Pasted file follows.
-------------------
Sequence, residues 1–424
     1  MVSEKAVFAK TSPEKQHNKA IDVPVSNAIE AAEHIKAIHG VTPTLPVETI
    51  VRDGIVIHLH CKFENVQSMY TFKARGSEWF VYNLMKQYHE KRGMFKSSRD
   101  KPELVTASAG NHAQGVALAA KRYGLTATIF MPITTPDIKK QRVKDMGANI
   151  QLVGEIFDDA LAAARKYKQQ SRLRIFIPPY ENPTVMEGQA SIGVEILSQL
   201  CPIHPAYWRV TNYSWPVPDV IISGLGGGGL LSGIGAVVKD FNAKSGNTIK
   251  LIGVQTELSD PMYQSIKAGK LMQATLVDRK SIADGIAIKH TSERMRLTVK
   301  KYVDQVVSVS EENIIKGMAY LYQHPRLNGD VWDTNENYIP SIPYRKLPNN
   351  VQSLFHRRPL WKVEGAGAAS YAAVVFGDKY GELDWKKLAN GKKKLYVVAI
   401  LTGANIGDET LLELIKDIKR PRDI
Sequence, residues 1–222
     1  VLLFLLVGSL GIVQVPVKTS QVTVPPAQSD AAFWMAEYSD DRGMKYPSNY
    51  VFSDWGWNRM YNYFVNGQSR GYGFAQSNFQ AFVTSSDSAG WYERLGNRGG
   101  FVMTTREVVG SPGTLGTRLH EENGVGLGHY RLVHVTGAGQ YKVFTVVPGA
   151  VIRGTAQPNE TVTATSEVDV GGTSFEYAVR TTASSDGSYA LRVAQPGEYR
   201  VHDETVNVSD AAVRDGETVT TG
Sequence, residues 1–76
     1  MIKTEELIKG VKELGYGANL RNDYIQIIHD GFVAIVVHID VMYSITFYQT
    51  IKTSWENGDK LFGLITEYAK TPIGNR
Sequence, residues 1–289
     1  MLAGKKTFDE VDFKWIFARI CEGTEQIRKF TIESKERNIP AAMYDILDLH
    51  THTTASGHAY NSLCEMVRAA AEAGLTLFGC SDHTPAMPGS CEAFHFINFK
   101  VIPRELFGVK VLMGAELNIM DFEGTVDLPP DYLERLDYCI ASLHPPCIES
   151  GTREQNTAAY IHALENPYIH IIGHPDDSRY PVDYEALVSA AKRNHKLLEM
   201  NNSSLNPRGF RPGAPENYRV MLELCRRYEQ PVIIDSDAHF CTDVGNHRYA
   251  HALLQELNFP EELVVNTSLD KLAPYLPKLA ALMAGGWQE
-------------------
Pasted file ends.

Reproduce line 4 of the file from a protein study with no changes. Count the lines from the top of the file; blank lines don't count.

   101  KPELVTASAG NHAQGVALAA KRYGLTATIF MPITTPDIKK QRVKDMGANI